historical note

Jecel Assumpcao Jr jecel at merlintec.com
Sat Jun 23 22:20:27 UTC 2001

On Saturday 23 June 2001 13:52, Lex Spoon wrote:
> You're citing an article where the guy says he can't make up his
> mind....  Which track do you consider the dead end?  :)

While he does say that each paper contradicts the previous one, it 
didn't seem that way to me as I read them.

The dead end path is Unix and C. And I already thought that as I urged 
my university department to adopt them back in 1982. I felt it would 
get them much further than the VersaDOS and Pascal that they were using 
and I was right. By 1989 I was trying to get people to replace 
Wordstar, DOS and daisy wheel printers with Write for Windows (1.0, 
which wasn't the latest version back then, but it was what they had) 
and dot matrix printers. I was fully aware that this was also a dead 
end solution.

I am not against following a dead end if where we are now is really bad 
and the construction crew is just starting work on "the right way". But 
it is silly to hope to keep on going in that direction forever.

> IMHO, the original Worse is Better presents a false dichotomy.  There
> is never a 100% solution to a problem, and instead you can spend more
> or less time designing before you start building.  No matter how much
> time you spend designing, you are doomed to eventually have a design
> assumption broken.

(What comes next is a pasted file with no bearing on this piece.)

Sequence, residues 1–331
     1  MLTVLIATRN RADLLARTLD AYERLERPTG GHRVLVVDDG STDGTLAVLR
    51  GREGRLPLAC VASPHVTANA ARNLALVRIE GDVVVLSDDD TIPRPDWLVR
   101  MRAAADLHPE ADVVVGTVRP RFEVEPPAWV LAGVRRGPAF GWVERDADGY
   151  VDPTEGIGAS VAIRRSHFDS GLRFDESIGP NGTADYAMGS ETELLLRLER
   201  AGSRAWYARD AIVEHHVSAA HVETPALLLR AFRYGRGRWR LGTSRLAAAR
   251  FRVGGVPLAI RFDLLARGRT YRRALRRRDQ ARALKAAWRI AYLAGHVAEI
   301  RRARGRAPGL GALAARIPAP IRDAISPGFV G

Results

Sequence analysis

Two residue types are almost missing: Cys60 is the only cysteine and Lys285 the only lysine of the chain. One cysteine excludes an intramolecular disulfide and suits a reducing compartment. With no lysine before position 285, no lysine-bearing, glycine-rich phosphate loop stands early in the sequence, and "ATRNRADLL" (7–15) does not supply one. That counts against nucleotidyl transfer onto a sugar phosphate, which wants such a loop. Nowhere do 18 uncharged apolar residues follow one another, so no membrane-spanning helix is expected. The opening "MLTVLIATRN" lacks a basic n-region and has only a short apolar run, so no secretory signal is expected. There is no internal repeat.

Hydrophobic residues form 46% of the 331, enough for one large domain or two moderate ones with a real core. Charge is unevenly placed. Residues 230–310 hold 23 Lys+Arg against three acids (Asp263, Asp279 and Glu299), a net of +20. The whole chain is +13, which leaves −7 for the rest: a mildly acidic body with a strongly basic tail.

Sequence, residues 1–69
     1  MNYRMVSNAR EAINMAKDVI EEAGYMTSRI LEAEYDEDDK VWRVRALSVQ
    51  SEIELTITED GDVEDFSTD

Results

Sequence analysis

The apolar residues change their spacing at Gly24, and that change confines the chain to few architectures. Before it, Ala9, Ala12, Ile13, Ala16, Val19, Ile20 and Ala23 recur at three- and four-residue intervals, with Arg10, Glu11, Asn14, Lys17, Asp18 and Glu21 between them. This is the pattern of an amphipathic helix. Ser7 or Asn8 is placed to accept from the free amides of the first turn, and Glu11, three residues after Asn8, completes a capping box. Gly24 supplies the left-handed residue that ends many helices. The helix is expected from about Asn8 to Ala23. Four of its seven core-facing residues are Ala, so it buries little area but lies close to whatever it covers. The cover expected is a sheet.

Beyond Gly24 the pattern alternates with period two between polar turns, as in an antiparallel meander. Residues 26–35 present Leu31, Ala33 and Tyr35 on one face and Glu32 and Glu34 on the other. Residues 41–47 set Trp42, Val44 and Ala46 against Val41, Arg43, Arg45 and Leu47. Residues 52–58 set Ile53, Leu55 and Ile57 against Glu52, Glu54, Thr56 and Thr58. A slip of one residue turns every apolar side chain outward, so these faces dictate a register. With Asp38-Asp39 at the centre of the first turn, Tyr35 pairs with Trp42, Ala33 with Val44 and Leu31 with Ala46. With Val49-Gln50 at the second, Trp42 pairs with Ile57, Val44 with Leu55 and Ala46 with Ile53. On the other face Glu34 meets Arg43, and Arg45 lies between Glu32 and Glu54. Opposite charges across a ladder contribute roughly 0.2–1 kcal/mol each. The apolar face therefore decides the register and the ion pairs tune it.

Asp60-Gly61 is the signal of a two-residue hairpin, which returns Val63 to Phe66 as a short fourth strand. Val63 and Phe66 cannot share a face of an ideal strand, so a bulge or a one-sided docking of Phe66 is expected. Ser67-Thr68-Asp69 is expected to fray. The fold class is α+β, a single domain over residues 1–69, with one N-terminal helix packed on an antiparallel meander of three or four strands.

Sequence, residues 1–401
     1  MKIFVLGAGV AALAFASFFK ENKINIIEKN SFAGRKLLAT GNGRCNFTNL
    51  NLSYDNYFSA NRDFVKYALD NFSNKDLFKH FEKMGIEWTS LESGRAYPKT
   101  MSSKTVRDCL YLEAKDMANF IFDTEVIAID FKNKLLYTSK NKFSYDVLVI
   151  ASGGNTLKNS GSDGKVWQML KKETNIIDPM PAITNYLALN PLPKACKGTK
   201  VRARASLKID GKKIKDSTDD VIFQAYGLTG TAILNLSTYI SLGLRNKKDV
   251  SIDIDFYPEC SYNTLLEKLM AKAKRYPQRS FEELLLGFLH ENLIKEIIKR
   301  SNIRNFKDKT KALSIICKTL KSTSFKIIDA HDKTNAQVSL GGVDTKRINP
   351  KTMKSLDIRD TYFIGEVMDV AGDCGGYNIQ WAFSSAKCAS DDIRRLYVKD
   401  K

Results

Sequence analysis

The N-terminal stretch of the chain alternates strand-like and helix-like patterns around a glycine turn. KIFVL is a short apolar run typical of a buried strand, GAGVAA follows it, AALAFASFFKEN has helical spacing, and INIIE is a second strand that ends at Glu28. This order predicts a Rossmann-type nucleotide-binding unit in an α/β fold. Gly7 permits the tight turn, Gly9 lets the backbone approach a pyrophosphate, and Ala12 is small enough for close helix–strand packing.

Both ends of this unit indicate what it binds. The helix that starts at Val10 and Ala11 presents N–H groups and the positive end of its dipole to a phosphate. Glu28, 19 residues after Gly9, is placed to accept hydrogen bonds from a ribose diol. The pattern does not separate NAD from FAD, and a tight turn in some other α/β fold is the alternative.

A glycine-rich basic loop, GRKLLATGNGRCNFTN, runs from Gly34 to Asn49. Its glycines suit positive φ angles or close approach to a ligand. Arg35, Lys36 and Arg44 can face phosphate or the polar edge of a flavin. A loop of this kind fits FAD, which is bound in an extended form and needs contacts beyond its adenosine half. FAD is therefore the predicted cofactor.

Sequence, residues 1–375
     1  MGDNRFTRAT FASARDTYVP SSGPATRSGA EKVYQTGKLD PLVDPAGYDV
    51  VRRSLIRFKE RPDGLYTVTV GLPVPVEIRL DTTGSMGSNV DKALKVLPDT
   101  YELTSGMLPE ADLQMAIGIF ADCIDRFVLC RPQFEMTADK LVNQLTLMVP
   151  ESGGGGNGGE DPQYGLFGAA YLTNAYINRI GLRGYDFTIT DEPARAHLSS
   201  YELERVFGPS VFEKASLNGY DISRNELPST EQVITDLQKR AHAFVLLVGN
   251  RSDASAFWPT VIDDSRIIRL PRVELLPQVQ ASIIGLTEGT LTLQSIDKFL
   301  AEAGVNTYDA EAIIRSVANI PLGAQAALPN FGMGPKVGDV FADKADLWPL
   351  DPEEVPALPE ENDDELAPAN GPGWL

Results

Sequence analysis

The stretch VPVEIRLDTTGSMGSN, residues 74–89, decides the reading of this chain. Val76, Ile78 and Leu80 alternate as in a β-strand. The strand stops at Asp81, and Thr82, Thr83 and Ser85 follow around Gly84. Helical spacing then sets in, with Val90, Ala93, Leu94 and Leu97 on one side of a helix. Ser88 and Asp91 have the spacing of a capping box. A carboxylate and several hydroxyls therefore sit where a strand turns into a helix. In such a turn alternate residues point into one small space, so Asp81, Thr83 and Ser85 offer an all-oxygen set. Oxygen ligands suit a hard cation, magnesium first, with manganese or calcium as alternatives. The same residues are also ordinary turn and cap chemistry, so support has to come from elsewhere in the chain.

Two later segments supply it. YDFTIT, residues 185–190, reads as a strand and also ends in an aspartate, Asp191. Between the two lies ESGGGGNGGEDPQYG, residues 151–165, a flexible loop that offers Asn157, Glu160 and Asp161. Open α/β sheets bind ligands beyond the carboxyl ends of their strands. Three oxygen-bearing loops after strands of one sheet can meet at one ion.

The second paper, "Worse Is Better Is Worse", says exactly the same 
thing. But I didn't see this as really contradicting the conclusion.

> This is not doom and gloom!  Software in many environments is
> flexible, so the problems can usually be fixed.  What I'm really
> arguing is: Software should stay alive, and should never be
> completely frozen.

Which is why it was very nice to see GNU Smalltalk come back from the 
dead after having suffered just such a fate for many years. We are back 
to the community/artifact discussion, here.

> Ah well.  I'm not sure what impact these sweeping discussions have on
> anything, but it's fun to muse about.

I hope these off topic considerations haven't been annoying too many 
people on this list. But they have a vital impact on me - I have bet 
everything I have that RPG is wrong and sometimes "the right thing" 
does win. Sometimes software problems can't be fixed, no matter how 
many billions of dollars you throw at them. If people care enough about 
them (which very rarely happens) then they are willing to start over on 
a different path.

People used to really hate me when they asked "This is ridiculous! I 
have a whooping 4 MB of RAM on my machine but my programs can only use 
640KB. When will they fix this?" and I would reply "They already have. 
But you need to give up DOS and those applications. Nobody will even 
remember SideKick in a few years anyway..."

I was obviously totally insane in those days. Still am ;-)

-- Jecel

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